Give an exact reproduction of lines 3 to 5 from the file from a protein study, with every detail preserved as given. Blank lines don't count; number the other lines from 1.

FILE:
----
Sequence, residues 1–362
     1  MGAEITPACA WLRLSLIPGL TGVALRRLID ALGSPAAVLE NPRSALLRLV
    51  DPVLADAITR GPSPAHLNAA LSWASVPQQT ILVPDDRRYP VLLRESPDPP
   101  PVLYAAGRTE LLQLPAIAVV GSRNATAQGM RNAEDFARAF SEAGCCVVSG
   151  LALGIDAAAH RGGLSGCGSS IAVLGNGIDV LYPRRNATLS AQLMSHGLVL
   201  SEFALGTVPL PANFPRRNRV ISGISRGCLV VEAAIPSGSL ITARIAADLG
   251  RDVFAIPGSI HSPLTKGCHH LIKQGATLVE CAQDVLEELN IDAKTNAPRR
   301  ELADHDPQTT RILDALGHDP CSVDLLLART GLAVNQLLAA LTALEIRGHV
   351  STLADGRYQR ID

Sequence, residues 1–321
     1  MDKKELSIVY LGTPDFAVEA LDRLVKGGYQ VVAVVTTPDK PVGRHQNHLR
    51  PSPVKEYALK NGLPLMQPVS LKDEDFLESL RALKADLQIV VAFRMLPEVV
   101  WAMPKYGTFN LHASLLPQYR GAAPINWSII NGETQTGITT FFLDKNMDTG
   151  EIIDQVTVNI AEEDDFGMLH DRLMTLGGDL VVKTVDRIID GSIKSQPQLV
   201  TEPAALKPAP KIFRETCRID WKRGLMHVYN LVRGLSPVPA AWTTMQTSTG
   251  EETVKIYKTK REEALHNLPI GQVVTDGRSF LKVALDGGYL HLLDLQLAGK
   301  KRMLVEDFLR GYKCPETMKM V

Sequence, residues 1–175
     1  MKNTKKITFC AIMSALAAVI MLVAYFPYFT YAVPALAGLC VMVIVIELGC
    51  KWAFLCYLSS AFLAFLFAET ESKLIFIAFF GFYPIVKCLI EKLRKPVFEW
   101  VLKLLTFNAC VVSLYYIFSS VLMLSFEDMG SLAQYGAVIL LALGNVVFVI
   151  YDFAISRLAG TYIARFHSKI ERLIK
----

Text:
    51  DPVLADAITR GPSPAHLNAA LSWASVPQQT ILVPDDRRYP VLLRESPDPP
   101  PVLYAAGRTE LLQLPAIAVV GSRNATAQGM RNAEDFARAF SEAGCCVVSG
   151  LALGIDAAAH RGGLSGCGSS IAVLGNGIDV LYPRRNATLS AQLMSHGLVL